In methods within the invention, an olefin molecule is used as a substrate that is converted into a new olefin molecule by metathesis reaction. Any type of olefin molecule capable of being converted into a new olefin molecule by the metathesis method taught herein may be used a substrate. Since the methods of the invention overcome previous impediments in the metathesis condensation of functionalized olefins, such molecules are preferred for use as substrates. In the examples described below, functionalized allylic olefins such as allyl alcohol and allyl cyanide are used as substrates. Nonetheless, based on the teachings provided herein, it is expected that allylic olefins functionalized with other groups (e.g., silane, stannane, aldehydes, carboxylic acid, etc.) would serve as suitable substrates as well. Preferred conditions for condensing such other functionalized allylic olefins can be identified by performing the reaction described for allyl alcohol and allyl cyanide under various reaction conditions to identify those under which a particular reaction proceeds efficiently. The conditions described herein can be used as a general guide in setting the ranges of the reaction conditions to be tested. In the experiments described below, standard ACS reagent grade chemicals were used as substrates and are available from Aldrich (St. Louis, Mo.) or Fisher Scientific (Hampton, N.H.). Allylic olefins with functional groups other than —OH and —CN are also available from these suppliers.
The metathesis reaction of an olefin according to the invention is facilitated using a catalyst. Any catalyst compatible with the methods of the invention may be used. However, because of the resistance to functional groups and efficiency of catalysis, Ru-based catalysts that exhibit such functionality resistance are preferred. For example, Ru* is particularly preferred because of its ability to efficiently catalyze the metathesis of allyl alcohol and allyl cyanide. A number of other catalysts might be employed in the reaction was well. The suitability of such catalysts for a particular reaction within the invention can be determined by substituting the catalyst for Ru* in the reaction, and then assessing the efficiency of catalysis in the reaction (e.g., by measuring the amount of product formed). For instance, based on the data presented herein, it is thought that Ru-based catalysts having a structure similar to Ru* might be used in the invention.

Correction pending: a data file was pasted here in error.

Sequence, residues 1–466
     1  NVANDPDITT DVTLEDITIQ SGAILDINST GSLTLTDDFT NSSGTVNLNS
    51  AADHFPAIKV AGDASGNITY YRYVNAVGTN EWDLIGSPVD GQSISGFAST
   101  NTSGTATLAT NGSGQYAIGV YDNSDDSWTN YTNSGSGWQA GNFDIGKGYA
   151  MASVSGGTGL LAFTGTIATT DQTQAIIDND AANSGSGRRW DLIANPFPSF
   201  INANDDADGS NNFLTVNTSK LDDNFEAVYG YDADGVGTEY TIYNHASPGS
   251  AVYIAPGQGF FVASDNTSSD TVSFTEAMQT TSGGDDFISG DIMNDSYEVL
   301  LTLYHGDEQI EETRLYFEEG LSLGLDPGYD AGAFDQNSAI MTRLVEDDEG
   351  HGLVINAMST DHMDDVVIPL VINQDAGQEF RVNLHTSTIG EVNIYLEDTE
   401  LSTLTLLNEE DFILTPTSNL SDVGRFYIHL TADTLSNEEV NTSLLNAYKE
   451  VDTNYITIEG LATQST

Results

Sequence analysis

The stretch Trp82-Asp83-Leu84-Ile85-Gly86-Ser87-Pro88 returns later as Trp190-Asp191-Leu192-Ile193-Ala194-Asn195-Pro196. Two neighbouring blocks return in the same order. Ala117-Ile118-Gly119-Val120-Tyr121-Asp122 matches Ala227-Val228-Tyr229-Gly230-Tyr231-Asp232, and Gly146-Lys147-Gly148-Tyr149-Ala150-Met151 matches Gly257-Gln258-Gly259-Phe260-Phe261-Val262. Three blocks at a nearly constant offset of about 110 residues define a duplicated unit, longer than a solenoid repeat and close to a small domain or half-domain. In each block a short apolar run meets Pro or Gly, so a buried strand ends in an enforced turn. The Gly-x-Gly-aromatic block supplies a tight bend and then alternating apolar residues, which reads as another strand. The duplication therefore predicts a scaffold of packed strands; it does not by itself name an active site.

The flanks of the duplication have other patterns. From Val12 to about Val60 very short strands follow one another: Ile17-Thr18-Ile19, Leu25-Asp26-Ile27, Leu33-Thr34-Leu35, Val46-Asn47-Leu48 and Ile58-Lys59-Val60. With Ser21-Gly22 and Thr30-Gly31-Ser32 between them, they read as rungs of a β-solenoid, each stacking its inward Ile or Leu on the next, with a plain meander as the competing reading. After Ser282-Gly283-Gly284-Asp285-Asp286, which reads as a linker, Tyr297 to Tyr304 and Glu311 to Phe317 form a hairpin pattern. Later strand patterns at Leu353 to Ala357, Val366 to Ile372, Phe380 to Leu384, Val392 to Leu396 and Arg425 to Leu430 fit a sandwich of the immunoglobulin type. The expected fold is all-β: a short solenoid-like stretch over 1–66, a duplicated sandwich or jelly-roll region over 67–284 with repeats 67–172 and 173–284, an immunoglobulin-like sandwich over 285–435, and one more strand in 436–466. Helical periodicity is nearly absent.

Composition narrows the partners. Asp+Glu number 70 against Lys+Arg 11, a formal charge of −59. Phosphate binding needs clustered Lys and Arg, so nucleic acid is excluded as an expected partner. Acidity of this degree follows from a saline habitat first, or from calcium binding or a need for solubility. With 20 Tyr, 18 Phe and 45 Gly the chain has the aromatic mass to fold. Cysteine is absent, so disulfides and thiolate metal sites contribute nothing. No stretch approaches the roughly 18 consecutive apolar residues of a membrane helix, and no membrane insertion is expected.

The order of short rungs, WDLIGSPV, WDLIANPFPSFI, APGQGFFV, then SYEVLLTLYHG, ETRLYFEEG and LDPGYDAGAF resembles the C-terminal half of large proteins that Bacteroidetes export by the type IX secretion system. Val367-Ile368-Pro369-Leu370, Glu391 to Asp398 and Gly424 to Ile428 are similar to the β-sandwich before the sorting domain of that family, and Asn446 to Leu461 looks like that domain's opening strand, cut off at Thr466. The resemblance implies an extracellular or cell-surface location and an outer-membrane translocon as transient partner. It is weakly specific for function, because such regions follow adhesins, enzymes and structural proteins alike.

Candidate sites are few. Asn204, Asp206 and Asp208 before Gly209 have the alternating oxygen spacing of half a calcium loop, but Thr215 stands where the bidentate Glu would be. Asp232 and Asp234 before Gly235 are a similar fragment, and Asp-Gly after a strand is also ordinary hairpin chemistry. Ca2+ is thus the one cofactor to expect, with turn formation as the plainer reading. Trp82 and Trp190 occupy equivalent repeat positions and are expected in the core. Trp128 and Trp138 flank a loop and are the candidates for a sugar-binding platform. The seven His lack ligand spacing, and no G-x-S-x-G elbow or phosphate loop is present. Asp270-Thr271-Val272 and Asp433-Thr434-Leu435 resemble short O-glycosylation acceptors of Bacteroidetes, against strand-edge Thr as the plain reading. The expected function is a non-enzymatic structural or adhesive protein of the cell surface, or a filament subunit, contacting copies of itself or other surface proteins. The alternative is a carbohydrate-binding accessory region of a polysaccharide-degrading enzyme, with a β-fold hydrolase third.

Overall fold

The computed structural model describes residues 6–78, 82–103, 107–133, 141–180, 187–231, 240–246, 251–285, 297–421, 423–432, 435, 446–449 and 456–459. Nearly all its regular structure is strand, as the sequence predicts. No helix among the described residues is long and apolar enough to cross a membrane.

Such structurally similar catalysts are known. These include well-defined Ru-alkylidene complexes bearing N-heterocyclic carbene ligands (e.g., those bearing phosphane or imidazolylidene ligands) and ruthenium vinylidene complexes bearing N-heterocyclic carbene ligands. See, Louie and Grubbs, Agnew. Chem. Int. Ed. 2001, 40:247; and Trnka and Grubbs, Acc. Chem. Res., 2001, 34:18. For example, Bielawski et al., Polymer, 2001, 42:4939 describes 1,3-bis (2,4,6-trimethylphenyl)imidazol-2-ylidene and structurally similar compounds that might be used as the catalyst in some reactions within the invention. Other structurally similar catalysts are described in international patent application WO 00/43343 published Jul. 27, 2000. U.S. Pat. No. 6,048,993 also describes Ru-based catalysts with some similarity to Ru* that might be used in the invention. Exemplary catalysts described therin have the following general formula:
wherein M is ruthenium or osmium; X and X1 are independently any anionic ligand; L and L1 are any neutral electron donor ligand; and, R and R1 are each hydrogen or one of the following substituent groups: C2-C20 alkenyl, C2-C20 alkynyl, C1-C20 alkyl, aryl, C1-C20 carboxylate, C1-C20 alkoxy, C2-C20 alkenyloxy, C2-C20 alkynyloxy, aryloxy, C2-C20 alkoxycarbonyl, C1-C20 alkylthio, C1-C20 alkylsulfonyl and C1-C20 alkylsulfinyl.
By varying the catalyst employed for a particular metathesis reaction within the invention, it may be possible to increase product yields and reduce reaction times. For example, if a catalyst exhibiting greater thermal stability than Ru* is selected, it may be possible to increase the reaction rate by increasing the temperature of the reaction mixture without the catalyst decomposing. Other reaction conditions, such as choice of solvent (e.g., solvent with higher boiling points might be used) might be varied as well. Based on the teaching herein, suitable catalysts for particular metathesis condensation reactions can be determined by examining the catalytic activity of a number of different catalysts in the particular reaction, and selecting as suitable those displaying any catalytic activity. Those particular catalysts that display higher levels of activity are preferred, and those that display the highest levels of activity are more preferred.